I got to try one of the new Stencil1 stencils this week, which I was really excited about because I’m a fan of Ed Roth, the designer behind the line. He’s known for bridging the gap between street artists like Banksy and craft world faves like Martha. In short, this line is right up my alley. I’ve had a sad, sad, sad coffee table lying around for years, and these larger stencils were just what the DIY doctor ordered for it.
old coffee table
sandpaper or power sander
window scraper/razor blades (optional)
FolkArt Multi-Surface Paint
waxed paper or silicon craft mat
Stencil1 Small Asian Dots Stencil (available at Jo-Ann Fabric & Craft Stores)
Phase 1: Prep Table
(and a bit about my bummer of a DIY surprise)
So this was my nasty table just a few days ago. Cracked, worn at the edges, some varnish worn off, a handful of paint splotches here and there… the kind of wear you’d expect out of a coffee table gotten for free in college that’s been used way too many times as a crafting surface. But I’d kept this thing on hand for a makeover project for years because it had a pretty woodgrain pattern on top.
The first step was to sand off the varnish from the table. I hit a bit of a roadblock when I realized my tabletop had a weird plastic, non-varnish layer stuck HARD to it. The solution for me was a window scraper that uses razor blades. I basically needed something that could slide under the edge of the plastic and pop it off. As I worked, it became clear that the super lovely woodgrain pattern on the top of my table was just a big sticker held down by that strange plastic. Wah wah… Good thing I had a makeover planned for it in the first place!
Ok, so if you are working with a normal table without strange stickers and plastic, your job will be much easier – just sand off the varnish. If you want, you can get a solution to paint on varnish to dissolve it, but I sometimes like doing a physically-involved project, so I whipped out the ole power sander.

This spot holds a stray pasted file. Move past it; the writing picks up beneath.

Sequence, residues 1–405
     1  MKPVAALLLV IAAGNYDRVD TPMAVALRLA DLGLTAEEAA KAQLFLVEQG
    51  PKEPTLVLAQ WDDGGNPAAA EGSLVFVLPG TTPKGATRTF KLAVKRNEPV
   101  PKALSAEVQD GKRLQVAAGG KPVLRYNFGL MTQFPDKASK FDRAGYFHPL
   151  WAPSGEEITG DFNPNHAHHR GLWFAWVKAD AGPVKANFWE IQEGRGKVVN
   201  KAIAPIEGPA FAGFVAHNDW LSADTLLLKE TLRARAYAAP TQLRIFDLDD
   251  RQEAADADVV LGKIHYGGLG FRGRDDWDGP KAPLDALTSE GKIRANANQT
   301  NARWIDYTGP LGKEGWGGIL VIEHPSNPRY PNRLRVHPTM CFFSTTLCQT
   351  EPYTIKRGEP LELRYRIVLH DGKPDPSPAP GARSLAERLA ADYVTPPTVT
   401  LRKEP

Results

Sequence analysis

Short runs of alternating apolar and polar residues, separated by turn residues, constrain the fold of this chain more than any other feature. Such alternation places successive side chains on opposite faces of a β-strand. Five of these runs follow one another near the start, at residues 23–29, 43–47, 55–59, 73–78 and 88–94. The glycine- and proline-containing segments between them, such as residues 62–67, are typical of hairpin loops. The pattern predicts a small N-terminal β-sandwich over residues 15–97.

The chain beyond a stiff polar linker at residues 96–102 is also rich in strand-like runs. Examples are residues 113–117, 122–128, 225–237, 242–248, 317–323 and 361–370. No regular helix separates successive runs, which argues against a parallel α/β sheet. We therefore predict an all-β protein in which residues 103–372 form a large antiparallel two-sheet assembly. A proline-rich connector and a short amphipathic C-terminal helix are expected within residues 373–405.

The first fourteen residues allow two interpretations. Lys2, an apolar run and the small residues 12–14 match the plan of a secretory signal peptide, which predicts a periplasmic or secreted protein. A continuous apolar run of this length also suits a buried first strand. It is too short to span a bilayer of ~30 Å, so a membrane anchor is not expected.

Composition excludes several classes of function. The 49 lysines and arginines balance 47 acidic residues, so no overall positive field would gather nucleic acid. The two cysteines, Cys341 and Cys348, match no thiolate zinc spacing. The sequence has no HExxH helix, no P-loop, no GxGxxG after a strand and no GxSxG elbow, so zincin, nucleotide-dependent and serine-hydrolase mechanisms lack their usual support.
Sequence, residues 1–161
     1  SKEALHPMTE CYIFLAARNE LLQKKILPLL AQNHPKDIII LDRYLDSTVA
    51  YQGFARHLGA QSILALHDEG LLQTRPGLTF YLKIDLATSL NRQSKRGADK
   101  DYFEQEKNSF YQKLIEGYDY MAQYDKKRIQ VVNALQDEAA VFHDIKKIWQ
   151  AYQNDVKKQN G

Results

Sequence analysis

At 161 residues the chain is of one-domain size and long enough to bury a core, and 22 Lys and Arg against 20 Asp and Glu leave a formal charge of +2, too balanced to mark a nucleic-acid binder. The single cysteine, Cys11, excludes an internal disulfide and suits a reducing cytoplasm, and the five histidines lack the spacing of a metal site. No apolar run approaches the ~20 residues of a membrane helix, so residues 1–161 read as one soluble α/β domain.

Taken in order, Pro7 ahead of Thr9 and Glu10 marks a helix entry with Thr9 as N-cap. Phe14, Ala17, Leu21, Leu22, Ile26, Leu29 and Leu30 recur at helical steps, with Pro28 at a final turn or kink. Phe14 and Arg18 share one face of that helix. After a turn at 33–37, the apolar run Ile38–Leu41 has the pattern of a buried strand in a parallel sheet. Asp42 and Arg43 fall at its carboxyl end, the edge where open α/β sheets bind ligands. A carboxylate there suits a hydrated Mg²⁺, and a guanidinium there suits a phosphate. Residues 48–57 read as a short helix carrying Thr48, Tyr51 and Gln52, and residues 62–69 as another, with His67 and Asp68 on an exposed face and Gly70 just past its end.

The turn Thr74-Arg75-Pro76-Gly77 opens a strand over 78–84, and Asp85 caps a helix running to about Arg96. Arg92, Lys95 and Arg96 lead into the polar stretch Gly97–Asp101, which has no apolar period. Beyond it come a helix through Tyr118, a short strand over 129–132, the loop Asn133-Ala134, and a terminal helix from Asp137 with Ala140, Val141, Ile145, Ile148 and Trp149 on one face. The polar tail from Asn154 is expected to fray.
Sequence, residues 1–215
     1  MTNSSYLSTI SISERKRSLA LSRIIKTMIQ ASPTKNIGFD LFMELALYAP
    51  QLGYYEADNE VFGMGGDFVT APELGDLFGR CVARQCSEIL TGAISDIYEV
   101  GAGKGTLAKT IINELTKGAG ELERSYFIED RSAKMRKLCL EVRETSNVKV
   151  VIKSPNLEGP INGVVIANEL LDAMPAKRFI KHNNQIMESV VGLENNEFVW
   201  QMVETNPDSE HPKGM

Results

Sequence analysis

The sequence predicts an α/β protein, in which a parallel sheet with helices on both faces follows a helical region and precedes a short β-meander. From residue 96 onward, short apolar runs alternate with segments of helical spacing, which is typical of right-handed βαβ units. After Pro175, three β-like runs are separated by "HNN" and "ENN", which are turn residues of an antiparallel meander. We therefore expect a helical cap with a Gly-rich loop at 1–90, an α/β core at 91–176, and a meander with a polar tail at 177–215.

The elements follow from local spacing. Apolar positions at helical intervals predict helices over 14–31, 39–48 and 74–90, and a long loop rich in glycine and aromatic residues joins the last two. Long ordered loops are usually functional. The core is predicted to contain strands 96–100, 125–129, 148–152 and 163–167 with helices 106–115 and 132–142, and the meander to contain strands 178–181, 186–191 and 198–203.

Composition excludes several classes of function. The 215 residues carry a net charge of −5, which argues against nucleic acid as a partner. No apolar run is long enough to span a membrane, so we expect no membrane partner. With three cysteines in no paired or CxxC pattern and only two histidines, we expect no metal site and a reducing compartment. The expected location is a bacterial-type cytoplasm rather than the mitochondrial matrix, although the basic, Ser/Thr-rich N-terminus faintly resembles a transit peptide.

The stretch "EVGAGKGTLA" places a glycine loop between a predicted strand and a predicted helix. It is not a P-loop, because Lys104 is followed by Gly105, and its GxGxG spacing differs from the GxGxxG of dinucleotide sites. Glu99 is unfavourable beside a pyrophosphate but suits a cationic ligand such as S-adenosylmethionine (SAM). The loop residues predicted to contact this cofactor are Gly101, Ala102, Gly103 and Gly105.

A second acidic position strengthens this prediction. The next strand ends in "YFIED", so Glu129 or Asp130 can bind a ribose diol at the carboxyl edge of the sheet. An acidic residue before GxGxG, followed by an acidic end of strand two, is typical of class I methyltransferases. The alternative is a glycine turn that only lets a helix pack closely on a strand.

After you’ve sanded everything off, paint your table with a layer of primer and let dry. Now you’re ready for the fun part!
Phase 2: Stencil!
Gather your stenciling supplies.
Using a tape measure, find the center of your table and lightly mark it with a pencil. Line up your stencil on it and secure with masking tape. Squirt some paint onto a mat or waxed paper, dab your spouncer in it, wipe excess paint from your spouncer onto the mat, and dab paint all over the stencil, being careful not to let paint leak under it.
Carefully remove your stencil and rinse it off, as well as the spouncer. (The stencils are mylar, so they’re super easy to rinse off, btw.) Before moving on to the next stencil, make sure your stencil and spouncer are both completely dry. As I’ve said in other stenciling tutorials, you’ve got to work with a dry spouncer every time to avoid diluting your paint and affecting how it will turn out.
Next, measure and mark where you want your second stencil to go and again secure it with tape.
Repeat the spouncer painting, stencil and spouncer cleaning, measuring and marking until you’ve achieved a design you like for your table.
I used light gray and eggplant colors for my design, and I like how it turned out!
The design is kind of like an uber-modern lace detail right down the middle of my newly-not-hideous coffee table. I tried to mimic the center motif of the stencil in placing my gray circles since they made me think of flowers and beehives, which are personal faves.
Look at the difference! I can’t believe I tolerated the janky sad table as it was for so long – we’re talking like 5 years. What was I thinking?
What do you think? Love it? Hate it? What would you do differently? I love hearing inspiring ideas from you guys. :)
This post was written as part of a campaign with The Blueprint Social for Plaid Crafts. All opinions are my own. To learn more about Plaid products, check out their Plaid Palette Blog, Pinterest, Facebook,Twitter, YouTube, or Instagram!